Colombia’s national Victims and Land Restitution Law created a special participation mechanism in order to facilitate victims’ engagement with local authorities and ensure that their voices would be heard as the Law is implemented. Victims’ Participation Roundtables exist at every level of government, receive taxpayer support, and are democratically governed. Their composition ensures that vulnerable groups⸺including women, youth, the elderly, people with disabilities, Afro-Colombians, indigenous peoples, Roma, and lesbian, gay, bisexual, transgender and intersex (LGBTI) people⸺have representation. Finally, governments have a mandate to integrate the Roundtables into planning and services to ensure that consultation is happening.
Consultations with traumatized populations are difficult for bureaucracies to do well. At worst, individuals may feel used or re-victimized by a forum in which they are asked to share, without compensation, a personal trauma so that officials can tick a procedural box. Even well-intentioned policymakers, who genuinely want to listen to program beneficiaries, can organize discussions that are baffling or alienating to people⸺thick with slow, arcane procedures and jargon like ‘program beneficiaries.’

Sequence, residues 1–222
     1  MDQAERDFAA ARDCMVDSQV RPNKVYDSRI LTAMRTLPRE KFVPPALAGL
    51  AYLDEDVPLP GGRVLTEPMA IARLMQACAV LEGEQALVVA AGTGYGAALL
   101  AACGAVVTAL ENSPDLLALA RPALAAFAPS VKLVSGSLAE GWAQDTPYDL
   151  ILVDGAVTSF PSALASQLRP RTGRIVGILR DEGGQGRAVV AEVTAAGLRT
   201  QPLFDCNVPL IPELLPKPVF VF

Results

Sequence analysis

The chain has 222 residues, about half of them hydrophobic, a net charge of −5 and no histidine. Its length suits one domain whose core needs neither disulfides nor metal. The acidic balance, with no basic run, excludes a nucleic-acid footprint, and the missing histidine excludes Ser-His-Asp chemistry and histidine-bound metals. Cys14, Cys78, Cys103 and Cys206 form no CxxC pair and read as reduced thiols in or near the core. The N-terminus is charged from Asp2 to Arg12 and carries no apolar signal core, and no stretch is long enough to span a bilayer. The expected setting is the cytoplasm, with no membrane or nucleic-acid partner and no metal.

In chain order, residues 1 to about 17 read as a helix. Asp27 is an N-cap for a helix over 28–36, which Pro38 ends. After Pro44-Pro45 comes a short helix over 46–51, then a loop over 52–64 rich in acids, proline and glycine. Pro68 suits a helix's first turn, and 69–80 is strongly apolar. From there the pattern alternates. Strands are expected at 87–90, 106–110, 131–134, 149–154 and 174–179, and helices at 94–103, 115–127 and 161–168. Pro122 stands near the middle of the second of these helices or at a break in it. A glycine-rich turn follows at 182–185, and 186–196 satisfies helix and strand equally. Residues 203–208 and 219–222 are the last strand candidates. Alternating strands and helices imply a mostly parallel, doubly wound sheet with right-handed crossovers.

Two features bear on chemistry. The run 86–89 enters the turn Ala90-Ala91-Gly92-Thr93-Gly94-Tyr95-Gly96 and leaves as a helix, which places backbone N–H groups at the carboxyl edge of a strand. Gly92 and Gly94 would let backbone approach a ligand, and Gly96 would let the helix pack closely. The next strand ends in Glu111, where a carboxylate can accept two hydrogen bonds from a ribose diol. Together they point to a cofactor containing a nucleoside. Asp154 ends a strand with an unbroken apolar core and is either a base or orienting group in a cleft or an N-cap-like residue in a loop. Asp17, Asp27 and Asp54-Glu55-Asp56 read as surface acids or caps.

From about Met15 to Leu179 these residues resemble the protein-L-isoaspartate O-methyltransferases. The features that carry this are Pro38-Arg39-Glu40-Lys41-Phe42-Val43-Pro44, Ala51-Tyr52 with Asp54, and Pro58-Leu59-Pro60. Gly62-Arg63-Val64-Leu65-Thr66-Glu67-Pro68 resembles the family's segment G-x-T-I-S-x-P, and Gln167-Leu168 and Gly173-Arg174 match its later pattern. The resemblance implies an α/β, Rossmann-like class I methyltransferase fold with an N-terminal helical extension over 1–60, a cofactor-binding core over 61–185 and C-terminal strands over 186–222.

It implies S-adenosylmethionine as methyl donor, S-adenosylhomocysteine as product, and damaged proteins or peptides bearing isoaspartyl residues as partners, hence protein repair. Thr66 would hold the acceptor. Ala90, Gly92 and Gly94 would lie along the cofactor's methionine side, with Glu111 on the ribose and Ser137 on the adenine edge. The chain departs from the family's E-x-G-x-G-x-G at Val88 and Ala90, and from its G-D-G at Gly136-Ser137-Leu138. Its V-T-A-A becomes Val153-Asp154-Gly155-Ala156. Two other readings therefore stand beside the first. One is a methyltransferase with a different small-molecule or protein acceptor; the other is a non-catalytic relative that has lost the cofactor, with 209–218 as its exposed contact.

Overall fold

How’d They Do It?
In 2011, then-Colombian President Juan Manuel Santos signed the Victims and Land Restitution Law (Law 1448) which codified sweeping rights, protections and reparations for people and communities harmed or displaced by the conflict. Victimhood is defined broadly⸺in Bogota alone, nearly 350,000 people could qualify for the law’s rights and protections.
Law 1448 created Victims’ Participation Roundtables (Mesas de Participación de Víctimas) at the municipal, district, provincial and national level, to guarantee that victims’ representatives have a mechanism to participate in the design, implementation, execution and evaluation of policies emanating from the law. The Roundtables are designed to be anchored in the grassroots⸺the national roundtable must draw its members from the provincial roundtables, and members of each provincial roundtable must also sit at their city’s roundtable. Roundtables are also structured democratically⸺victims’ organizations nominate members who stand for election, and Roundtable members elect representatives to serve on various national boards and committees that oversee the Victims’ Law. (NDI has provided technical assistance to five Roundtables at the provincial level.)
Municipal and district roundtables, by regulation, must reserve seats for vulnerable groups such as women, youth, the elderly, people with disabilities, Afro-Colombians, indigenous peoples, Roma, and lesbian, gay, bisexual, transgender and intersex (LGBTI) people. Seats are also reserved for victims of particular offenses ⸺murder or kidnapping, physical injury, sexual violence, and forced displacement⸺and at least half of the seats in each of those categories must be filled by women. Bogota has a total of 23 Victims’ Participation Roundtables: 19 neighborhood roundtables, one city-wide roundtable with 28 people: 17 women and 11 men, and additional roundtables for women, ethnic minorities, and indigenous peoples.
Local governments have specific mandates under the Victims’ Law, including: